As a maths teacher, I would have a year 10 students who would be absolutely fine with most things, but then couldn’t interpret a graph. They could use all the right terminology to describe the graph, but couldn’t say what it actually meant in context.
These tests will of course benefit all students who you are teaching for the first time. It is particulate important for working with ex homeschool students that you are prepared to reduce anxiety about starting school.
Be aware of their workload
Many homeschool students have different routines and expectations placed on them while they are being home schooled. I’ve taught students at either end of the spectrum.
Some came from families who firmly believed in learning in context and making use of real- world learning opportunities. These students had never sat at a desk and written for more than 15 minutes at a time.
I’ve taught other students who spent all day at a desk doing problems and completing worksheets for the entire school day.
Always assess prior knowledge
If a student has been homeschooled, they are likely to have had the same person teaching them for their entire schooling up until this point. If they’ve been working closely with other homeschool students, they are also likely to have grown up with the same group. This means that the pool of opinions and perspectives that they have experienced may be more limited than some of your other students.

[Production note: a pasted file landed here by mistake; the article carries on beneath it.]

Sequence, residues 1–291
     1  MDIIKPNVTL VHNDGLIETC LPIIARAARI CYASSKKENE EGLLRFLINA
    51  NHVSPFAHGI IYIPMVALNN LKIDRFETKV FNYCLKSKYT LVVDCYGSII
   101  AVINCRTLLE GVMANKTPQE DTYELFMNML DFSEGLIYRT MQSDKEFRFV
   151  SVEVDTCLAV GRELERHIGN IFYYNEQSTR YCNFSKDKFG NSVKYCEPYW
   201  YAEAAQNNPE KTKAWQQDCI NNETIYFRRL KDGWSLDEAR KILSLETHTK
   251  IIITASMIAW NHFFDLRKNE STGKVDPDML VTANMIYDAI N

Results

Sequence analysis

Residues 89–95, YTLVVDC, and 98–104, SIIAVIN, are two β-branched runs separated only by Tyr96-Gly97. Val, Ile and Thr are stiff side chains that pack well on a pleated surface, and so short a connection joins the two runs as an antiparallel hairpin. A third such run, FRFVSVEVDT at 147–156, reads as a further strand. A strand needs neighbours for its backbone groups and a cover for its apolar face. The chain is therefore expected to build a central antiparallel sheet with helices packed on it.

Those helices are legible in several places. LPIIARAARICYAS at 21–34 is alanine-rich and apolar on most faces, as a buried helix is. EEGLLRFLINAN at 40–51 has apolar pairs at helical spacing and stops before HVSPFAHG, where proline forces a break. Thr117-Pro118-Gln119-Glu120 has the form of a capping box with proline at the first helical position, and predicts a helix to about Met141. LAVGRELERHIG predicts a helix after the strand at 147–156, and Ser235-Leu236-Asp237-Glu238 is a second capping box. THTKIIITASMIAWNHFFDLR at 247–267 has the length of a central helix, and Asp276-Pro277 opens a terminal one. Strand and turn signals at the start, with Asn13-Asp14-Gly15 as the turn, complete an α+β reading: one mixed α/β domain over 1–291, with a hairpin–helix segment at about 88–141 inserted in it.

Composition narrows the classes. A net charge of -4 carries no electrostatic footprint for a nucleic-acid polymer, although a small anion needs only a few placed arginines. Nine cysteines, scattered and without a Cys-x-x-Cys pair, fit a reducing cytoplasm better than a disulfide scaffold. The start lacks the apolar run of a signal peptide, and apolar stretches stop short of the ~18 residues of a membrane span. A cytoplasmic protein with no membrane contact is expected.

You might be teaching a different perspective to one they have seen before. The first obvious example that comes to mind is the Australian Gold Rush – some students may have focused on the workers’ rights movement and how this influenced unions today, and completely missed the elements of racism regarding immigrants looking for gold. I know that with my schooling, it was the reverse.
Understanding the perspectives that they have been taught is the first step in opening up their world view. If what you’re teaching is completely at odds with what they have already been taught, new information is unlikely to be learnt.
Be aware of their social skills
Almost all of the ex home school students that I have taught were very socially confident. They were happy to strike up a conversation with just about anyone and were very easy to talk to.
One thing that I have noticed is that they may not be familiar with social norms around schooling.
Many of these students talk to other students in the same way that they talk to adults, which the other students might find odd. Many of them are also very confident in sharing (and justifying) their opinions, and so may not fit in as well with their peers.
A lot of ex home school students are also unfamiliar with engaging in conversations about topics that they aren’t really interested in if they have spent most of their time around a small group of like minded people.
None of these are bad qualities or problems in any way, but being aware of the subtleties of your student’s social interactions can help you work with them in the context of their class and again, ease potential anxiety and isolation.